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Government loses sight of the digital customer
Is the Albanese Government passionate about delivering a better service experiences for citizens engaging with Government? Does it have a strong vision to use digital channels to serve citizens, as we have seen done so effectively by the NSW Government under the leadership of Victor Dominello? Judging by a recent speech from Katy Gallagher, the Minister for Public Services, the answer, depressingly, is pretty clearly ‘no.’
Her observations at the Institute of Public Administration on 13 October were quite underwhelming. Consider this pearl of wisdom: “When it comes down to it – the Australian Public Service is made up of Australians helping other Australians.”
There main thing the speech revealed is that Labor’s approach is to do more of the same. $3 billion worth of consultancy and contract bills will be cut over four years, if Labor uphold their election commitment to do so. That means more public servants – including 200 additional staff in Cairns. This is driven by Labor’s ambition to win the marginal seat of Leichardt – not by any analysis of how most effectively to serve the customers of Services Australia.
This will only be the start, with Labor removing staffing caps from the public sector.
At the same time, Labor is specifically closing the eyes of Services Australia to the latest service trends from the private sector. This means a more inward-looking, bloated public service more ignorant to the best practice of the private sector that is so often leading the way in cutting edge thinking.
Naturally, these APS ‘reforms’ are being undertaken in lock-step with the union movement. Minister Gallagher confirmed in her speech that the government was “talking openly” with the Community and Public Sector Union.
What really stands out in this speech is the complete lack of interest in digital service delivery. This is so despite the clear evidence that Australians prefer to use digital channels to deal with government, In 2019, on average around 571,000 people were accessing myGov everyday; this has risen to almost 2 million with October 2021 setting a record of 4.2 million people in a single day. Embracing all things digital, then, must not be an afterthought.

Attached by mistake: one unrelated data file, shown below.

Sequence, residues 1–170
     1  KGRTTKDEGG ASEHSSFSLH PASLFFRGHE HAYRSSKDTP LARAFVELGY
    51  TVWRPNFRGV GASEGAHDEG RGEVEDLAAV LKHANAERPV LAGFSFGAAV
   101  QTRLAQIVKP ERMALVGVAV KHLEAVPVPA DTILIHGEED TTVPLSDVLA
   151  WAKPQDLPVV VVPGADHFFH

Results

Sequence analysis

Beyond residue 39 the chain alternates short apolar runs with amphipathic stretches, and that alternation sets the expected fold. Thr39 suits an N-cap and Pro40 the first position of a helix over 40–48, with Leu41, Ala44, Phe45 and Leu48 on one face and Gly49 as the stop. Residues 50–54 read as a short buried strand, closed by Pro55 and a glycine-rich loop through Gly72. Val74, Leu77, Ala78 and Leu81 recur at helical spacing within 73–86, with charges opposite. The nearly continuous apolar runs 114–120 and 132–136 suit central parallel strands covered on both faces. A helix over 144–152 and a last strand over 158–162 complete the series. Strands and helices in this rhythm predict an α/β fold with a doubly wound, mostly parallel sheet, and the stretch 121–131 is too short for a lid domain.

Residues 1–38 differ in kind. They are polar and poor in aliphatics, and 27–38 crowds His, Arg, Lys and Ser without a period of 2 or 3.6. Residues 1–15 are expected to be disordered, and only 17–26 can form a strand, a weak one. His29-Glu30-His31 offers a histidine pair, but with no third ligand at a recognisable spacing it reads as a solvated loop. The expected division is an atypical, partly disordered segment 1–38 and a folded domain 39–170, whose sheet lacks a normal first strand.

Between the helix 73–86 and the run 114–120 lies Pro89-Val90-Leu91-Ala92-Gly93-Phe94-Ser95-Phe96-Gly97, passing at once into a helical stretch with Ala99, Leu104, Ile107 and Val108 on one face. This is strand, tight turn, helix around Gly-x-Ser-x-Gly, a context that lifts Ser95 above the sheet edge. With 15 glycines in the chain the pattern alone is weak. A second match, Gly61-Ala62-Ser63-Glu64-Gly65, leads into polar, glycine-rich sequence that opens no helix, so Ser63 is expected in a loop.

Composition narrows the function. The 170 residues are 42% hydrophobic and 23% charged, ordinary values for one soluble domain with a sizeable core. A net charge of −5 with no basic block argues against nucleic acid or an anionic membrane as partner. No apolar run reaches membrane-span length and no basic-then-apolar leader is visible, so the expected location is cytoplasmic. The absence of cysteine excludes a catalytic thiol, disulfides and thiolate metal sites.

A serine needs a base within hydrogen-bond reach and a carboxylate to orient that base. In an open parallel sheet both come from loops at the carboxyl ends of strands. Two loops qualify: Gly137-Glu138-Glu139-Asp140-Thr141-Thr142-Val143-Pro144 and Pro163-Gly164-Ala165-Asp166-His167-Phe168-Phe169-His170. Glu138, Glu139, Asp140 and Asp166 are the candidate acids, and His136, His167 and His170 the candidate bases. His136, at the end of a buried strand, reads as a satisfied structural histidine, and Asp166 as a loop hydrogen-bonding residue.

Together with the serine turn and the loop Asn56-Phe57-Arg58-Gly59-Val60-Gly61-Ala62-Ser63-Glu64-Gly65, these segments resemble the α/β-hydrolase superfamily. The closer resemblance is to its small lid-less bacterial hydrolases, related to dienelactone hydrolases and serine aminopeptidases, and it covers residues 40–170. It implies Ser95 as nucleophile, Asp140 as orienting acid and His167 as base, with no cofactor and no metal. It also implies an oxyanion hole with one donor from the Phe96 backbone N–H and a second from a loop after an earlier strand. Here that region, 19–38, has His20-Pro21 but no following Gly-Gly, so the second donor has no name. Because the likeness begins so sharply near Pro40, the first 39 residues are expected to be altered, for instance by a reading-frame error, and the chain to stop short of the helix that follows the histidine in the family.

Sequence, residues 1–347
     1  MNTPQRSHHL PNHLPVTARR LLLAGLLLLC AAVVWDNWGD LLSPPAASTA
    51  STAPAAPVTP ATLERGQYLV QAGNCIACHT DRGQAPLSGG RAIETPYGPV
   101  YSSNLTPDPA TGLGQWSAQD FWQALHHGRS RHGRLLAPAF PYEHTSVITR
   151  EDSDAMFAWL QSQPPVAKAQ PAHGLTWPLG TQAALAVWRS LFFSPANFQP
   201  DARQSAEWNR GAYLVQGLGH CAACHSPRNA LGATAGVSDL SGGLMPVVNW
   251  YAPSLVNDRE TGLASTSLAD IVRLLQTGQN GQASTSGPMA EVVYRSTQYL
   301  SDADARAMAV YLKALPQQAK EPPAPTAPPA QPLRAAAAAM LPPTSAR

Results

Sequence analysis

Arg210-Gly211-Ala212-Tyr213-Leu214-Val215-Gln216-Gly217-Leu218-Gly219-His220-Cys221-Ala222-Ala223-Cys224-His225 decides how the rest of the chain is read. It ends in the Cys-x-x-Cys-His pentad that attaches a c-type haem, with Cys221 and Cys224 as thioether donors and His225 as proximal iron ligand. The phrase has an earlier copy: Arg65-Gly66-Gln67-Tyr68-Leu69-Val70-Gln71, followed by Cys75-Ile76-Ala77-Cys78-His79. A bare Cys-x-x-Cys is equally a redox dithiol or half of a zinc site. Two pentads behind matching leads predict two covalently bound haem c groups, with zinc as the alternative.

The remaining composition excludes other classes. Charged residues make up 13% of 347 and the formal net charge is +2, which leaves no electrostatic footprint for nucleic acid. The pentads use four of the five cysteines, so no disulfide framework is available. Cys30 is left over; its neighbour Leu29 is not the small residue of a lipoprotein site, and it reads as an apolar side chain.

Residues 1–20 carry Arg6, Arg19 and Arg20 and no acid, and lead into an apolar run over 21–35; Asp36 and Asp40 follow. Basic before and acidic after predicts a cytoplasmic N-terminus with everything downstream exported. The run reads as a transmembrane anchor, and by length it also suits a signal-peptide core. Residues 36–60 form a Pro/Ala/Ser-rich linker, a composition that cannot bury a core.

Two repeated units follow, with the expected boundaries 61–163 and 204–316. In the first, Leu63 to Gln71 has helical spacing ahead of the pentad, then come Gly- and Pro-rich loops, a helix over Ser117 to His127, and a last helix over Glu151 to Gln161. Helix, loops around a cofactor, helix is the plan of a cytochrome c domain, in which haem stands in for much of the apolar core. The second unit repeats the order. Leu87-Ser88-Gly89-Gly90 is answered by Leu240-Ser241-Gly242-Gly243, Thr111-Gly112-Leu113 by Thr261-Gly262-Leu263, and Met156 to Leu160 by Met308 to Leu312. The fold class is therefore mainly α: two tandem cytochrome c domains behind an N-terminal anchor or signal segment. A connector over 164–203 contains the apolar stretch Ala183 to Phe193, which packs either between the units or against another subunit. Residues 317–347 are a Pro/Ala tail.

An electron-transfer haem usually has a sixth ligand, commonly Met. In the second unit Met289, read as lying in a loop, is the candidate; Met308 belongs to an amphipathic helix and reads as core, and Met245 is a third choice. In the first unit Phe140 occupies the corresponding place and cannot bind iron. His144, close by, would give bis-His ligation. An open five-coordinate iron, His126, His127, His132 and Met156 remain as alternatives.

The Coalition Government recognised this essential fact. In government, we embarked upon a comprehensive digital transformation process that enabled and protected simple, faster and safer online services. We upgraded the myGov App, oversaw an expansion of the Digital Identity system and rolled out digital assistants to cut the time staff had to take to deal with simple customer enquiries.
Recognition of the primacy was not just matched with implementing the systems that allowed Australians to do more of their business safely online, but with a fundamental midshaft within government which focused on Australians as customers. When governments reorient their thinking in this way, they frontload improving how Australians interact with public servants. The NSW Government is an exemplar in this regard, and other states and territories are taking notice, as should the Commonwealth.
It's unfortunate but not surprising that the words ‘customers’ and ‘digital’ appear just once in Minister Gallagher speech. The ‘APG Reform agenda,’ as the government calls it, is only such in name. Drastically expanding the APS headcount and increasing union influence is a move in precisely in the wrong direction – away from a customer-focused public service embracing a digital-first approach.
Labor’s plan has real consequences for how everyday Australians interact with their government – and none of them are good.